And coming from Israel’s only jazz institution, Berklee’s Israeli musicians have an unshakable passion for the art of improvisation.
“I love jazz because it evolves, and it is about listening,” Rotem said. Improvisational performance fills many hours a week for most students, allowing them “to speak and listen to each other through music,” he said.
Some of Berklee’s Israelis work with Arab students on more overt co-existence projects, including 26-year-old Ella Joy Meir’s “Singing for Peace” program. Meir is a vocalist and pianist who said she thrives at multicultural Berklee, where “the human factor motivates me to create art.”
Meir’s “Belly of a Whale” song is her take on the Bible’s Jonah story – “my redemption song,” she said. She also started Isis Lune, a band “combining electronic textures with a raw human element.”
Some students mentioned a shift in their self-identity as Israelis since coming to Boston.
For 28-year-old recorder player and vocalist Tali Runbinstein, it took a year of living in Boston to assimilate Israeli roots into her music.
“I have always played the recorder,” Rubinstein said. “But not until I came to Berklee did I really think about its connection to the Israeli experience. The recorder was the instrument of the kibbutz and early Israeli music. Only now, surrounded by musicians from around the world, do I make these connections between what I do and Israel.”
To sustain the Berklee-Rimon relationship, Berklee recently established a scholarship fund for Israeli students. Launched with a significant personal gift from Berklee President Roger H. Brown and his wife, Linda Mason, the fund will help Israeli students – most of whom need financial aid – study at Berklee.
Steady and vibrant, the Berklee-Rimon partnership attracts all kinds of supporters. Israel’s top diplomat in New England, Shai Bazak, speaks regularly with Berklee’s president Brown about the students.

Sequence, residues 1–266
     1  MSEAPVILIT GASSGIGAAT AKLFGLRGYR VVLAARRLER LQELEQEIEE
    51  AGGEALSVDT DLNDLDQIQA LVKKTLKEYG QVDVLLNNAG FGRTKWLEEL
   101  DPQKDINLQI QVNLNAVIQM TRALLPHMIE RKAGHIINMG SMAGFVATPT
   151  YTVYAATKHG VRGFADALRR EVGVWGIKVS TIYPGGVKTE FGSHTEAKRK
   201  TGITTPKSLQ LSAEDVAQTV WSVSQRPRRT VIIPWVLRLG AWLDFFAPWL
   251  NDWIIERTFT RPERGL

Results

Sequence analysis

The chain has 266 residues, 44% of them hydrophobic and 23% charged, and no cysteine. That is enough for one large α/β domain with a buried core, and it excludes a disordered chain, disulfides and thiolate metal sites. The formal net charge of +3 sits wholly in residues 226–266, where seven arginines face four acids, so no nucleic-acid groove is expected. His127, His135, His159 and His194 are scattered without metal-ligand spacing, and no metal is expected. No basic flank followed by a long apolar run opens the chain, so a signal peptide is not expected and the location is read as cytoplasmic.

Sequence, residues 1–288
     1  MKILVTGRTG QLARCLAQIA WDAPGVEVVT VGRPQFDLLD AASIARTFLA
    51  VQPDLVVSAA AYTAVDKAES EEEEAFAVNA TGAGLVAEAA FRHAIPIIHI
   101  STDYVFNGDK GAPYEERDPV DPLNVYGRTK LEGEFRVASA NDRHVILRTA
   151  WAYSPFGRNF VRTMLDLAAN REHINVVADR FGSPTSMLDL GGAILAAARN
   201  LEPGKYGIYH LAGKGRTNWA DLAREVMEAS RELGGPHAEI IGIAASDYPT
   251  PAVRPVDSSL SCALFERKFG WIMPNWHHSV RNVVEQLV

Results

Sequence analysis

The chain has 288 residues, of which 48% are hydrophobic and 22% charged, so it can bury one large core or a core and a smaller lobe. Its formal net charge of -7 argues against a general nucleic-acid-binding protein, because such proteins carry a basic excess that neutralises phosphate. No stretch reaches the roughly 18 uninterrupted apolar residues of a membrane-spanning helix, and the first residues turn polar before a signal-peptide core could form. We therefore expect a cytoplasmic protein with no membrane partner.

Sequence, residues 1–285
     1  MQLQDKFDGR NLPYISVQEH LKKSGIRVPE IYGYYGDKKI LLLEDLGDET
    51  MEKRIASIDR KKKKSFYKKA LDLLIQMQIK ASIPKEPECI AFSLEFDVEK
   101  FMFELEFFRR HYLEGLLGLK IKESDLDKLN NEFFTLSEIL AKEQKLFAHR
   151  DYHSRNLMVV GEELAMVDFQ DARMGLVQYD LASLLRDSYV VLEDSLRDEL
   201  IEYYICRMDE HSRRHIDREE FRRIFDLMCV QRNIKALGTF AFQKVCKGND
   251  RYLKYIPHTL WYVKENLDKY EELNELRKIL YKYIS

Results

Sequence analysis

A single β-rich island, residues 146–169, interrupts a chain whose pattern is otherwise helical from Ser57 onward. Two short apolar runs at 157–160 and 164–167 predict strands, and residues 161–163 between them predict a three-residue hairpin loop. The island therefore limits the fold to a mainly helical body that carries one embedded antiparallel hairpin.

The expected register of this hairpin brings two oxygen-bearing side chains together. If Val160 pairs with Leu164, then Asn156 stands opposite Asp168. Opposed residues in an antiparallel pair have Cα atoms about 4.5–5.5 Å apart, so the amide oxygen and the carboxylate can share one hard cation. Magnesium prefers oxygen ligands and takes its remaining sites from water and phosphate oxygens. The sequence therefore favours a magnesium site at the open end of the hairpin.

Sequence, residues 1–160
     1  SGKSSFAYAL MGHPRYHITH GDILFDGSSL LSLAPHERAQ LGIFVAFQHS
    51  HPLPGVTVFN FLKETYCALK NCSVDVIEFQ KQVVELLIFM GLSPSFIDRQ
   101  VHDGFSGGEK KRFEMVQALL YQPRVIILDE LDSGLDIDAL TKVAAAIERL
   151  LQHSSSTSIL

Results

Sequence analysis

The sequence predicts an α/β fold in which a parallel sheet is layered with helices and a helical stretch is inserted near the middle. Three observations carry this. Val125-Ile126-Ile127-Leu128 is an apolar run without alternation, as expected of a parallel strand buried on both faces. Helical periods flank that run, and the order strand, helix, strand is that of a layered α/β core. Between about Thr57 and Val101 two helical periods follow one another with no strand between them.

“One of our central goals is to share Israel’s vibrant culture and art with the people of Boston,” Bazak said. “Through the amazing talent of our Israeli students at Berklee, we have the opportunity to do so.”
Much has been invested to help hundreds of Israeli music students spend a year or more in Boston since 1992. In turn, the “Berklee Israelis” have left a mark of their own on campus and in the Jewish community.
“The Israeli students have amazing work ethics and are incredibly social with everyone,” said Brett Lowenstern, a Berklee freshman vocalist known for his 2011 stint on American Idol. “Some of this is because they are all a few years older than us and served in the army.”
Several Israeli friends at Berklee convinced Lowenstern to join a Birthright Israel-Taglit trip and he regularly visits Boston University Hillel with Israeli students for Jewish activities.
“There is a lot of political ignorance on our campus,” Lowenstern said. “Having these Israeli students there makes it better because people can understand reality, and not what Israel haters elsewhere might say.”